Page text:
LeadershipLeadership DevelopmentPrinciples of MinistryWomen's Ministry

Don’t Do it Yourself but Develop Others!

By November 26, 2013April 5th, 20162 Comments

Whatever your leadership role—with your children, a ministry, a team, a small group, a business, or whatever—quit doing it all yourself! Good leaders constantly look for their own replacements and then develop those with potential. What are you doing to develop your children into competent adults? How are you training others to do your job or to supplement the work you do best?

How do you identify a potential spiritual leader? Consider these characteristics of good leaders:

  • Progressing in her walk with Christ by growing in the Word, prayer, and community
  • Humble and gracious
  • Deep love for God
  • Motivated to serve others not get attention
  • Faithful, able, and teachable (2 Tim. 2:2)

Often our extensive to-do list prevents us from opening our eyes to people right around us who are eager and available to serve Christ and his kingdom. We can’t do it all ourselves—and do it well. And honestly, God never intended us to work that way, whether are home or in the church.

Why are you doing it all yourself? Do you think you are the only one capable? Do you view developing leadership as too time-consuming? Do you want it done right? Are you too controlling to let go of the tasks? I hope you will honestly assess the issues, or you risk burn out or an absence of leadership when you leave.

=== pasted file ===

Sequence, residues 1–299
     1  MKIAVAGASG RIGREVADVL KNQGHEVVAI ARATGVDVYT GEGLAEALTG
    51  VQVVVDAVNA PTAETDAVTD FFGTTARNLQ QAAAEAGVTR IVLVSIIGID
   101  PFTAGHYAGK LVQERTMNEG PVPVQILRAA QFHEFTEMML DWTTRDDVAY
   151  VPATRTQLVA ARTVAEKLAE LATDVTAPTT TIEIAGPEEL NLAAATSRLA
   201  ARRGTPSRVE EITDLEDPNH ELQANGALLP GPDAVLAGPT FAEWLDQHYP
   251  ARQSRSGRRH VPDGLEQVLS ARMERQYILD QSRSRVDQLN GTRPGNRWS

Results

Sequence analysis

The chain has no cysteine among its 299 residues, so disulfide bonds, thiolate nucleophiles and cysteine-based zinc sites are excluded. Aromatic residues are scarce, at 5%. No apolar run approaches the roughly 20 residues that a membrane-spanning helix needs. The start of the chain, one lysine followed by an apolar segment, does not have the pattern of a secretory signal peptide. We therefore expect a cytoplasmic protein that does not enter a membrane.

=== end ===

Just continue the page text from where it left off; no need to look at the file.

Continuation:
As you work toward completing tasks that need to be done, use those opportunities to give away areas of responsibility to others as training opportunities. Talk to them about what must be done, show them how to do it, and follow up to make sure they are faithfully fulfilling their responsibilities. At the same time don’t micromanage every little thing. It devalues their gifting and intelligence. If you have identified potential, give them room to try things a new way. Release control, but check periodically on their progress.

I certainly can’t claim to be a perfect mother, but I did attempt to teach my children some skills they needed when they left our house—for example, cleaning, cooking, and paying for their clothes out of a budget. The only way to do that was to delegate the responsibilities to them. No, the tasks were not always perfectly done and I could usually do them better, but doing them myself would not have taught them anything.

As both a volunteer and a church staff member, I encouraged and challenged women to try teaching, leading a small group, or organizing an event. I could have done it all myself, but my teaching would have been weak because of lack of time, my groups would have been too large, and the events would have lacked the pizzazz that other people gave them. The overall ministry would have suffered because I would have been unable to prioritize time with God and the next generation of leaders would not have been formed under my watch.

Think of one area where you lead, create a plan to identify someone to mentor, train her for the task, and let go so that she and God can work. Watching a new leader soar will bless you!

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